Red Hat last week at LinuxWorld beat the drum about system administration tools for Linux. The company announced new provisioning capabilities for Red Hat Network, and pointed towards future virtualization and management features.
Red Hat Inc. officials last week beat the drum about the need for better system administration tools for Linux. To meet that need, Red Hat announced at New Yorks LinuxWorld new provisioning capabilities for Red Hat Network, while also pointing the way toward virtualization and a number of other future management features.
Improved system management tools will let customers "cut the cost curve as flat as possible," by keeping staffing budgets low, said Sean Witty, product marketing manager for Red Hat Network. Red Hat is taking an incremental approach, Witty said. Over time, the company will release an entire series of software modules for its Open Source Architecture, first unveiled in the fall.
Red Hats Open Source Architecture aims to provide a standards-based open-source infrastructure for management and application support across multiple hardware platforms. Click here to read more about the technology and strategy.
The companys update module and a management module have already hit the streets. Provided with every Red Hat Network subscription, the update module includes a GUI, priority notification, errata information, Red Hat Package Module (RPM) dependency checking software, and auto update. The management module provides system grouping and role-based administration of policies, permissions, and scheduled actions.
The new provisioning module, the third in Red Hats series, will help "drive down the costs of [software] delivery," Witty maintained.
Red Hat officials also mentioned a number of other future modules, which will add functionality such as virtualization, policy-based administration, and system "health and well-being."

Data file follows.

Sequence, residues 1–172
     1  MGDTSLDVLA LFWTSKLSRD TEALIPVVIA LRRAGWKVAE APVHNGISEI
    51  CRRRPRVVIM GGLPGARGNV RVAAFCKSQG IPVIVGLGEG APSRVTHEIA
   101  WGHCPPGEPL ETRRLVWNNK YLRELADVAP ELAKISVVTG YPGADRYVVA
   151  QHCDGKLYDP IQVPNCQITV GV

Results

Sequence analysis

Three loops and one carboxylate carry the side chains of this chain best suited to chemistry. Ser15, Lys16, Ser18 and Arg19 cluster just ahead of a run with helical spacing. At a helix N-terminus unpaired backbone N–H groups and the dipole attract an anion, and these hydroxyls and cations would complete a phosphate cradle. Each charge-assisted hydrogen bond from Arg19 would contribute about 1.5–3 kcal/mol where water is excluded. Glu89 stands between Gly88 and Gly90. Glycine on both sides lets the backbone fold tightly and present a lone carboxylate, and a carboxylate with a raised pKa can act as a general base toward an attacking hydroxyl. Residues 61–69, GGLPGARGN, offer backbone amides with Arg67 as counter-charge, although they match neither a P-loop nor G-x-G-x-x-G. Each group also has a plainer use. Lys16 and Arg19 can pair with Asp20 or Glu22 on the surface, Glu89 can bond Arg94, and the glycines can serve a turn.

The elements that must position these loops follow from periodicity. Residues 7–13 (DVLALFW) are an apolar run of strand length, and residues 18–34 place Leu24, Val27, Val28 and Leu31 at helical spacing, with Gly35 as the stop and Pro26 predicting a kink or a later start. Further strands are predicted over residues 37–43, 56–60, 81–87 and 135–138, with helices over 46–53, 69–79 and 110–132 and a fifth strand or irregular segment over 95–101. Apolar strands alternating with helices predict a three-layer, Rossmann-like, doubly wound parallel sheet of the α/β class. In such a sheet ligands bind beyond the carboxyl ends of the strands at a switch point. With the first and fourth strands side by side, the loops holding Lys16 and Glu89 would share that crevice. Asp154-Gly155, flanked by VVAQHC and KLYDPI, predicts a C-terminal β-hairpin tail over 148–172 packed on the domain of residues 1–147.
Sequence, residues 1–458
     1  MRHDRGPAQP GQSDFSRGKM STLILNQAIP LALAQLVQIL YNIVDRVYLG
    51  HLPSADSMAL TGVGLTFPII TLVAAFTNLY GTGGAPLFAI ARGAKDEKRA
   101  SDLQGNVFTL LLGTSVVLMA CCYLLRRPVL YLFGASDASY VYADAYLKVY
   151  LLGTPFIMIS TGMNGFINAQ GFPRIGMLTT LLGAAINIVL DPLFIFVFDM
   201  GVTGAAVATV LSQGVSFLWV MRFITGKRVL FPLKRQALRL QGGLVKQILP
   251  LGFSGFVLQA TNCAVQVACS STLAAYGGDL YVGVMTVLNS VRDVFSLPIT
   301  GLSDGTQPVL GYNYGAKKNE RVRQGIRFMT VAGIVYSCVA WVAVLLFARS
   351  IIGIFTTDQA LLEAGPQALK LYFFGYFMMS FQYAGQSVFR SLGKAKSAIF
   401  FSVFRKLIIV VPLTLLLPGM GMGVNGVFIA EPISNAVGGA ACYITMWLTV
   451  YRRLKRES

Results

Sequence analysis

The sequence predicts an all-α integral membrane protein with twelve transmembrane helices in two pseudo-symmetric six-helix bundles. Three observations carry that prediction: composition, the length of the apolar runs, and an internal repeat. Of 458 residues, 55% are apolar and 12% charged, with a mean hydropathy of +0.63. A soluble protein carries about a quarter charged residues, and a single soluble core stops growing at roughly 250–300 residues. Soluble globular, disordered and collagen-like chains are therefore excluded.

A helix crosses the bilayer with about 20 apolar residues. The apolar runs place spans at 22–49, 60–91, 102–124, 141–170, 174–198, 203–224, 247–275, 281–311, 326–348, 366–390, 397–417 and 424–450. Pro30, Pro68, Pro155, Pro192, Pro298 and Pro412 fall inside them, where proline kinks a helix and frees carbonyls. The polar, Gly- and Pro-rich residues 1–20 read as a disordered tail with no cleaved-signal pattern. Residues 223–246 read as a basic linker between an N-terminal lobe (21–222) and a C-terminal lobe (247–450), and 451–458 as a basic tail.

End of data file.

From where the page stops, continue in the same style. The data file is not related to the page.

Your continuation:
The upcoming virtualization module will integrate technology from Sistina, a storage software firm acquired by Red Hat in December
for $31 million. Officials said the company also has its eye on virtualization monitoring.
Witty also said Red Hat at this time has no plans for additional acquisitions to fill in the gaps in its system management product line.
Analysts see provisioning as a logical step for a vendor to take before moving into policy-based administration and/or virtualization.
"With provisioning, the customer is assigning a [software] workload to a particular server," noted Tony Iams, vice president for systems software at D.H. Brown Associates Inc. of Port Chester, New York. "With virtualization, youre making the best use of available resources, from a performance and price perspective. Policy-based administration provides automation."
Customers deploying the Red Hat Network tools include DreamWorks LLC, the Lawrence Livermore National Laboratory, and Rackspace Managed Hosting.
Specific capabilities of the new provisioning module include operation system provisioning; Red Hat Package Module (RPM)-based application provisioning; configuration management; and multi-state rollback.
Dirk Elmendorf, Rackmounts chief technology evangelist and co-founder, said that San Antonio, Texas-based Rackmount is using the provisioning module to quickly provision software and distribute software patches for its hosted customers.
To accompany the new Red Hat Network tools, officials made mention of a new API access layer; an embedded database; and an application server, which is now in beta.
Red Hat Network Director Greg Peters said that the company also supports non-Red Hat distributions of Linux, but only when the customer creates custom channels. This capability is available under the Red Hat Network-proxy mode used by outside hosters, and under the satellite mode used by most enterprises. However, it is unavailable for companies whose applications are being hosted directly by Red Hat, Peters said.
Next Page: Improved tools can help the bottom line.